By David Waldstreicher
A spouse to John Adams and John Quincy Adams presents a suite of unique historiographic essays contributed through best historians that conceal different points of the lives and politics of John and John Quincy Adams and their spouses, Abigail and Louisa Catherine.
- Features contributions from best historians and Adams’ scholars
- Considers sub-topics of curiosity resembling John Adams’ function within the overdue 18th-century death of the Federalists, either Adams’ presidencies and efforts as diplomats, faith, and slavery
- Includes chapters on Abigail Adams and one on Louisa Adams
Chapter none advent (pages 1–2): David Waldstreicher
Chapter 1 John Adams (pages 3–35): R. B. Bernstein
Chapter 2 John Adams and Enlightenment (pages 36–59): Darren Staloff
Chapter three The progressive Politics of John Adams, 1760–1775 (pages 60–77): Colin Nicolson
Chapter four John Adams within the Continental Congress (pages 78–101): Karen N. Barzilay
Chapter five John Adams's Political concept (pages 102–124): David J. Siemers
Chapter 6 John Adams, Diplomat (pages 125–141): Wendy H. Wong
Chapter 7 John Adams and the Elections of 1796 and 1800 (pages 142–165): David W. Houpt
Chapter eight The Presidency of John Adams (pages 166–183): Douglas Bradburn
Chapter nine John Adams and faith (pages 184–198): John Fea
Chapter 10 Abigail Adams and Feminism (pages 199–217): Elaine Forman Crane
Chapter eleven Abigail Adams (pages 218–238): Margaret A. Hogan
Chapter 12 John Quincy Adams (pages 239–262): David Waldstreicher
Chapter thirteen John Quincy Adams and nationwide Republicanism (pages 263–280): Andrew Shankman
Chapter 14 John Quincy Adams, international relations, and American Empire (pages 281–304): John M. Belohlavek
Chapter 15 John Quincy Adams and the Elections of 1824 and 1828 (pages 305–327): David P. Callahan
Chapter sixteen The Presidency of John Quincy Adams (pages 328–347): Padraig Riley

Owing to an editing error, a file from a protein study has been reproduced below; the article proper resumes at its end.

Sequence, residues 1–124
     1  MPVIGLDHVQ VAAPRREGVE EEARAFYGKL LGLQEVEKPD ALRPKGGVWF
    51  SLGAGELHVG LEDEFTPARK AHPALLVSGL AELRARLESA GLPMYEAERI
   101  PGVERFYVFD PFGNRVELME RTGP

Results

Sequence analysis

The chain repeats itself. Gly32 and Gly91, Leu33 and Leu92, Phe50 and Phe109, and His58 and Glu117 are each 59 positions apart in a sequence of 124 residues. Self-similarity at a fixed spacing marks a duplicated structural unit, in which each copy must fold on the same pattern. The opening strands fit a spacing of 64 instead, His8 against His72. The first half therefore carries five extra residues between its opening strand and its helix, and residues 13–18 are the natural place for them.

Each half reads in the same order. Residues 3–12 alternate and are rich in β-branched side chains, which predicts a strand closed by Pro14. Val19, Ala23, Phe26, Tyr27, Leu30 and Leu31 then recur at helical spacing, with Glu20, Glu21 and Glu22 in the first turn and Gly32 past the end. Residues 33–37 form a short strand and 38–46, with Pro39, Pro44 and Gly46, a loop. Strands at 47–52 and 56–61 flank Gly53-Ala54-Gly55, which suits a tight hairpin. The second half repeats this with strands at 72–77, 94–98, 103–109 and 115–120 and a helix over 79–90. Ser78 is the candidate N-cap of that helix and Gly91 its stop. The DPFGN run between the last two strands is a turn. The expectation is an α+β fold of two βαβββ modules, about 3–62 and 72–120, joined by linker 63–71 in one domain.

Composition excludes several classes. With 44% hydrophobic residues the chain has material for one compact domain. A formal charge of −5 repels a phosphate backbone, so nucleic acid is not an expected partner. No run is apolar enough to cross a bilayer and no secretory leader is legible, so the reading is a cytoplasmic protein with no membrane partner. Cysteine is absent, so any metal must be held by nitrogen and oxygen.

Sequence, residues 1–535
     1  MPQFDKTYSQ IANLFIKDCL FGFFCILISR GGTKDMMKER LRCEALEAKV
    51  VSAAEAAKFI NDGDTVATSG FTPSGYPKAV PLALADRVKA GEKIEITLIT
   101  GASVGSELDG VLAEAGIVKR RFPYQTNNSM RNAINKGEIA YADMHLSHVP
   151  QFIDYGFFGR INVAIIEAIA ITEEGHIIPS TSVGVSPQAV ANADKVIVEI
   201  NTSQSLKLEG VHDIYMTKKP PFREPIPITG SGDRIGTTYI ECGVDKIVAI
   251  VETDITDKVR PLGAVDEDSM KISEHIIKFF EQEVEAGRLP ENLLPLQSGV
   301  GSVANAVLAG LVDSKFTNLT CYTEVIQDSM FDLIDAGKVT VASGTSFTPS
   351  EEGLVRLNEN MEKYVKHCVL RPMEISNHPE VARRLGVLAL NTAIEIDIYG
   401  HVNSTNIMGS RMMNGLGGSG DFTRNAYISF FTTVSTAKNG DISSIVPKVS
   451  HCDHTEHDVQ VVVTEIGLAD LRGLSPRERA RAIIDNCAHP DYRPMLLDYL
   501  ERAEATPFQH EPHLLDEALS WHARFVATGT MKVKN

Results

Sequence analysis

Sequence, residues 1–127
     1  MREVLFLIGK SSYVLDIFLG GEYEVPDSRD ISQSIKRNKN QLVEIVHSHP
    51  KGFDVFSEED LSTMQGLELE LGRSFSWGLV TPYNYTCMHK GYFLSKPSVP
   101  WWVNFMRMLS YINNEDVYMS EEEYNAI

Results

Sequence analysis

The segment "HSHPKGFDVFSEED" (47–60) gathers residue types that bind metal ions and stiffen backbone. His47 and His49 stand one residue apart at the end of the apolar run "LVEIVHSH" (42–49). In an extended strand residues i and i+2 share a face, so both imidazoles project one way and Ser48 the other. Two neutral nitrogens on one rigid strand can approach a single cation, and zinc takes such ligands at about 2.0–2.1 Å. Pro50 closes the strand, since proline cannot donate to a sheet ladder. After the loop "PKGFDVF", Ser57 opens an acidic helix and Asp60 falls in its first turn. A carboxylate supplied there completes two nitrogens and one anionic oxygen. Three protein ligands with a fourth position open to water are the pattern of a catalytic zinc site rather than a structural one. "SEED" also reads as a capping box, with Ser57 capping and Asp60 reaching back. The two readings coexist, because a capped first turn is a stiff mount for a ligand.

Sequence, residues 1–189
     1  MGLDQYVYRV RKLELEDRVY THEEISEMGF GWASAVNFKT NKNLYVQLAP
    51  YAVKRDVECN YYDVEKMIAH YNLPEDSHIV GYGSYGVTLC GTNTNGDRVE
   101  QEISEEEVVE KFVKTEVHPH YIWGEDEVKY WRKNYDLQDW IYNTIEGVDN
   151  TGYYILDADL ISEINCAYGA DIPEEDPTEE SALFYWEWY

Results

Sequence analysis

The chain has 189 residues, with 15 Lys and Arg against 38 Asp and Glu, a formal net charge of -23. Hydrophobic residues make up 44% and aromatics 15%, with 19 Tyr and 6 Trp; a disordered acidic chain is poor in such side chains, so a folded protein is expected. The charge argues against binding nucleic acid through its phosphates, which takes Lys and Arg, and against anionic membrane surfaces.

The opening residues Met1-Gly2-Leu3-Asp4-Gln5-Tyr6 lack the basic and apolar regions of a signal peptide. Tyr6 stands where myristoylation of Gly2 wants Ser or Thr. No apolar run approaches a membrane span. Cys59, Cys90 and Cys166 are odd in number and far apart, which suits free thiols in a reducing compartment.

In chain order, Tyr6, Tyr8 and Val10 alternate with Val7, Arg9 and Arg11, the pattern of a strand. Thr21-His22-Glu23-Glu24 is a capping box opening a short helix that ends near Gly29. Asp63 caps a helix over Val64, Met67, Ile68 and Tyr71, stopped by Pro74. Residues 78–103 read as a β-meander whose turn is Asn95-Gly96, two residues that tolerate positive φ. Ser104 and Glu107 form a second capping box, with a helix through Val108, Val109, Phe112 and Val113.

Chapter 17 John Quincy Adams, inner advancements, and the kingdom country (pages 348–366): Sean Patrick Adams
Chapter 18 John Quincy Adams (pages 367–382): David F. Ericson
Chapter 19 John Quincy Adams, Cosmopolitan (pages 383–401): Bethel Saler
Chapter 20 John Quincy Adams and the Tangled Politics of Slavery (pages 402–421): Matthew Mason
Chapter 21 John Quincy Adams's better Learnings (pages 422–444): Marlana Portolano
Chapter 22 A Monarch in a Republic (pages 445–467): Catherine Allgor and Margery M. Heffron
Chapter 23 Thomas Jefferson and the toilet Adams kin (pages 469–486): Herbert E. Sloan
Chapter 24 The Adamses on display (pages 487–509): Nancy Isenberg and Andrew Burstein
Chapter 25 An American Dynasty (pages 510–541): Edith B. Gelles
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Extra info for A Companion to John Adams and John Quincy Adams
Infuriated, Hamilton wrote an inflammatory pamphlet denouncing Adams as unfit for office. , President of the United States only to leading Federalists, he hoped to persuade them to abandon Adams for his runningmate, Charles C. Pinckney – but the pamphlet leaked to the newspapers, splitting Federalist ranks and injuring both Adams’s and Hamilton’s reputations (Freeman, 2001a). The split between Adams Federalists backing the president and High Federalists backing Hamilton and Pinckney, together with growing public unhappiness with prosecutions under the Sedition Act and desire for peace with France, played into the hands of the Republicans, who again backed Jefferson and Burr.
Lutz, Donald S. (1988). The Origins of American Constitutionalism. Baton Rouge. Morris, Richard B. (1965). The Peacemakers: The Great Powers and American Independence. New York. R. (1959). The Age of the Democratic Revolution: A Political History of Europe and America, 1760–1800, vol. 1: The Challenge. Princeton. R. (1964). The Age of the Democratic Revolution: A Political History of Europe and America, 1760-1800, vol. 2: The Struggle. Princeton. A. (1976). The Machiavellian Moment: Florentine Political Thought and the Atlantic Republican Tradition.
Given the growing attention to civil liberties in public discourse and historical scholarship, these measures increasingly appear as the first grave threat to American civil liberties, damaging the historical standing of the president who signed them into law (Smith, 1962). Not until recently have historians sought to understand the ideas and assumptions undergirding the 1798 Sedition Act (Freeman, 2003) or the public controversy that JOHN ADAMS: THE LIFE AND THE BIOGRAPHERS 33 they engendered (Bradburn, 2008).